Income gaps along racial lines are the result of long-standing structurally discriminatory policies across U.S. institutions. Although laws have changed, the legacy of these policies still affects people today. Partners Update examines how benefits cliffs differentially affect minority populations.
Low-income individuals and communities are feeling the brunt of job losses due to the pandemic. At the same time, organizations providing support services to that population are facing their own challenges. Partners Update explores southeastern organizations’ sentiments from a national survey.
Congress passed the CARES Act and other legislation to help workers who have lost their jobs during the pandemic. Partners Update considers a case study of a hypothetical laid-off restaurant worker in Birmingham and Miami and the potential financial assistance he'd receive in each city.
Partners Update summarizes a recent discussion paper on benefits cliffs, which occur when a person’s gains in earnings are offset by the loss of public benefits. The paper offers potential policy interventions that may help mitigate benefits cliffs and promote career advancement.
What are the financial trade-offs a single parent faces when moving up the career ladder? The authors develop a new methodology to study the impact of benefits cliffs on the financial incentives to advance in a career.
The Center for Workforce and Economic Opportunity has updated its Opportunity Occupations Monitor data tool, which tracks trends in opportunity employment across the country. Partners Update discusses the tool's new features.
The report examines the structural roots and policy decisions in the South that created the current skills gap, and it offers solutions to close that gap. The Atlanta Fed's Center for Workforce and Economic Opportunity, St. Louis Fed, and National Skills Coalition collaborated on the report.
This eBook examines various approaches to establishing technical and career-based training and the importance of building out the skills needed for the workforce in today's increasingly complex and rapidly changing global economy.
Fed Governor Brainard visited Atlanta neighborhoods with community and economic development and supervision and regulation team members. They met with community members and organizations to discuss local efforts, reports Partners Update.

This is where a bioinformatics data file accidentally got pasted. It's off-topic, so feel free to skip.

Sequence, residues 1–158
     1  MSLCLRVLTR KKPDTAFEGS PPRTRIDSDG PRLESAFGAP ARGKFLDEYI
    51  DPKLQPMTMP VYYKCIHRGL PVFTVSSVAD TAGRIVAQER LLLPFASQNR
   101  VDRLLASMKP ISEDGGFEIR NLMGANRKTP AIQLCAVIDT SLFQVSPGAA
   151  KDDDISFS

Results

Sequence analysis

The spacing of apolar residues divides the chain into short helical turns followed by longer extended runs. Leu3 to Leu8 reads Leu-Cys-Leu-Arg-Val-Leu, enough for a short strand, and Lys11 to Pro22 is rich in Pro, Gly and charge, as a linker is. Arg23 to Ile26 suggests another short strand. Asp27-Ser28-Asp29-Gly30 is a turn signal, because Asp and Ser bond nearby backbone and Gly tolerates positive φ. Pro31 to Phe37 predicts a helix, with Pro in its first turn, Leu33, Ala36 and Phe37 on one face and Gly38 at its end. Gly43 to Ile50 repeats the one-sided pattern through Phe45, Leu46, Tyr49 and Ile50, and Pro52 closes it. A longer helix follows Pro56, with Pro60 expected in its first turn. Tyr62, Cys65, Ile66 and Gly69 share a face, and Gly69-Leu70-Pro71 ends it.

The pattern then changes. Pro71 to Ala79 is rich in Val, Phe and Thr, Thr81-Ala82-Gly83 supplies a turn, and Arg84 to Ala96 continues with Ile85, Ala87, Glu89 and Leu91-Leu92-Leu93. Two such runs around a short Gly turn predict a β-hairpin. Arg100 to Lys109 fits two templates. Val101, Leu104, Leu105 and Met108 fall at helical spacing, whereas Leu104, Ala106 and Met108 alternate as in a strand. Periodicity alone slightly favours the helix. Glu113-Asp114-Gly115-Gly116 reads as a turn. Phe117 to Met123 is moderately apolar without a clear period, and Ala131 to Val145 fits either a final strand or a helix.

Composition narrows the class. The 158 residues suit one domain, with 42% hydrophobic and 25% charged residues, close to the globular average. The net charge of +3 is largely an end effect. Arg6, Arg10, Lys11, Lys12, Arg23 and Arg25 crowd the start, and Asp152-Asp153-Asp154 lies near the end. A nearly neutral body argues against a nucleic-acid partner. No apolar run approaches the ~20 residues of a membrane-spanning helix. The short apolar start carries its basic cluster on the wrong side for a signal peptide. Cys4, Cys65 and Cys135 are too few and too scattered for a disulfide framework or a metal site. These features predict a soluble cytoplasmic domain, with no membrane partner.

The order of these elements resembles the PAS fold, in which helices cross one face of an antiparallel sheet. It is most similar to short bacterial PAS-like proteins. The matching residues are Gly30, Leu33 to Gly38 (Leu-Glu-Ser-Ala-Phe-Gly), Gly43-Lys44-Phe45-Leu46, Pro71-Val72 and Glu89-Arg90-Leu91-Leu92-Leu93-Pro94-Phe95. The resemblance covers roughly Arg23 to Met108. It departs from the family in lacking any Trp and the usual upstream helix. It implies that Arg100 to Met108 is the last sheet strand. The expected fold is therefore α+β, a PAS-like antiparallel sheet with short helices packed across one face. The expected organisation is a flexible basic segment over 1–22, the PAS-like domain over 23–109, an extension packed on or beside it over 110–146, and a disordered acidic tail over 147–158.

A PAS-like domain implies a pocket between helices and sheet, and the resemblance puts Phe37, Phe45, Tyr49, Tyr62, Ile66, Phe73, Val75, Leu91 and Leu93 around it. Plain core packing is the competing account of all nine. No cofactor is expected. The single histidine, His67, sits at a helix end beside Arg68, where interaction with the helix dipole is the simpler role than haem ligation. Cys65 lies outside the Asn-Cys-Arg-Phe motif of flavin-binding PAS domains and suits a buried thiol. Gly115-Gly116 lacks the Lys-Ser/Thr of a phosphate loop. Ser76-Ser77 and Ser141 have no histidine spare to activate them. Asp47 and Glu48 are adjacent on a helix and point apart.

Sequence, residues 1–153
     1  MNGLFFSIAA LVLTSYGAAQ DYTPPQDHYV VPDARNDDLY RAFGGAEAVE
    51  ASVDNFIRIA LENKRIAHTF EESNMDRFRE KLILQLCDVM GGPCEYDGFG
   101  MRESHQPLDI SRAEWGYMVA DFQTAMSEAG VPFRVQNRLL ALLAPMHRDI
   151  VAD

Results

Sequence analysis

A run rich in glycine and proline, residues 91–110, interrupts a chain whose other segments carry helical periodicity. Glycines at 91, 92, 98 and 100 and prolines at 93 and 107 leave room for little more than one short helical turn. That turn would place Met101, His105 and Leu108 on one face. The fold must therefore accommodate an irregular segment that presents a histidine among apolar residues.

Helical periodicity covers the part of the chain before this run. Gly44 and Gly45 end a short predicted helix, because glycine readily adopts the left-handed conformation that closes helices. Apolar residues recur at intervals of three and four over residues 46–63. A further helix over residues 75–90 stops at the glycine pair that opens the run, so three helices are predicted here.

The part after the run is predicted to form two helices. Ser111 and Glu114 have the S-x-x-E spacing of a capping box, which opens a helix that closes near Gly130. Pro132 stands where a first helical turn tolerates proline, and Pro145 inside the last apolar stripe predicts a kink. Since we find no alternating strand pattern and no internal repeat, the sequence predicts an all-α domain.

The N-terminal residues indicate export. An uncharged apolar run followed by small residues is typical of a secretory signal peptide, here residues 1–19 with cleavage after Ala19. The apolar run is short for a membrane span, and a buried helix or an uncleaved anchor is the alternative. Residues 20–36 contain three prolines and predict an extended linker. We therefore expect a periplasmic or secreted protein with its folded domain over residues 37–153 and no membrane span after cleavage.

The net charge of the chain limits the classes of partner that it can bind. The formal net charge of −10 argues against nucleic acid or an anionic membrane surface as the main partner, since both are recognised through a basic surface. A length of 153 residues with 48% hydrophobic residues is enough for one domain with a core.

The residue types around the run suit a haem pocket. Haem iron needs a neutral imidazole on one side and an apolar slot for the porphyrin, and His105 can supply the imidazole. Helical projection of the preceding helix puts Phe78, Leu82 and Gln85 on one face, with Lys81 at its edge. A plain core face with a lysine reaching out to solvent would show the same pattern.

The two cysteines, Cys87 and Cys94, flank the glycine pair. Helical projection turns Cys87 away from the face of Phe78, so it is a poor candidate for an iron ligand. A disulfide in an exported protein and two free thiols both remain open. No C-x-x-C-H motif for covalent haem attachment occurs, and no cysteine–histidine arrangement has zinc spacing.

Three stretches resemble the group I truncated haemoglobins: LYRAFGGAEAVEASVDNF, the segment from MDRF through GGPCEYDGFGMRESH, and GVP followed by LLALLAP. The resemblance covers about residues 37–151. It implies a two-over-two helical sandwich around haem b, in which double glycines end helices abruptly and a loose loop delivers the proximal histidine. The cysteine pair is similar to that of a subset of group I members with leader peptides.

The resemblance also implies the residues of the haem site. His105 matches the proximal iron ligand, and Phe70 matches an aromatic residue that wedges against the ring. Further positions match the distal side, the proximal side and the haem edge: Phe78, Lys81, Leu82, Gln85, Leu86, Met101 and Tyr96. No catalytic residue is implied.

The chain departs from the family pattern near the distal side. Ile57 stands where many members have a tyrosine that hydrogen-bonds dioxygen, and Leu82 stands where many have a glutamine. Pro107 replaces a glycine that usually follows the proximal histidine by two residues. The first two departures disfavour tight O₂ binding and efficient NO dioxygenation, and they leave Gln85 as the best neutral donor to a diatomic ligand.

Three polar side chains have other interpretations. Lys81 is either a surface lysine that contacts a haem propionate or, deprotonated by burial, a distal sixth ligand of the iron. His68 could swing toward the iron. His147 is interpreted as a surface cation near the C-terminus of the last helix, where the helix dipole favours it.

An evolving economy demands workers with evolving skill sets, and training employees to meet new employment demands is an ongoing challenge. The episode discusses trends in workforce development in the Southeast as well as nationally.
Federal funding for the traditional workforce development system has declined dramatically over the past few decades. The author examines several promising alternative financing models for workforce development programs such as social impact bonds and income-share agreements.
This eBook explores the role of community and economic development organizations in workforce development and the importance of fostering and facilitating partnerships to address local workforce challenges.
The report identifies good-paying jobs in the 100 largest U.S. metro areas for workers who have less than a four-year college degree. The Federal Reserve Banks of Atlanta, Cleveland, and Philadelphia collaborated on the findings. Full report (8 MB) | Infographic (392 KB)
The book explores how new policies and practice can meet the changing needs of workers, businesses, and their communities. The Atlanta and Kansas City Feds and Rutgers' Heldrich Center for Workforce Development collaborated on the book, which has contributions from over 65 leading scholars and practitioners engaged in workforce development.
Regional collaboration can be an effective approach in responding to labor demands of local employers. Laura Chandler of the Southwest Alabama Workforce Development Council and Sam Covert of the Mobile Area Educational Foundation discuss how robust coordination among local workforce development players leads to more successful management of industry partnerships.
How can employers be effective partners in improving the local workforce ecosystem? Peter Cappelli, professor and director of the Wharton School's Center for Human Resources, discusses how firms can provide on-the-job training for skills needed within their organizations.
Workforce development issues require collaboration across sectors and geographies. Damian Thorman, national program director at the John L. and James S. Knight Foundation, discusses the importance of public, private, and philanthropic partnerships in addressing local and regional workforce challenges.
Chronic illnesses, including diabetes and high blood pressure, contribute to worker absenteeism, decreased productivity, and increased insurance costs to employers. Greater focus is being placed on preventive health care, including a closer look at children's health. Dr. Jay Berkelhamer, past president of the American Academy of Pediatrics, discusses trends in child health and their implications for workforce development.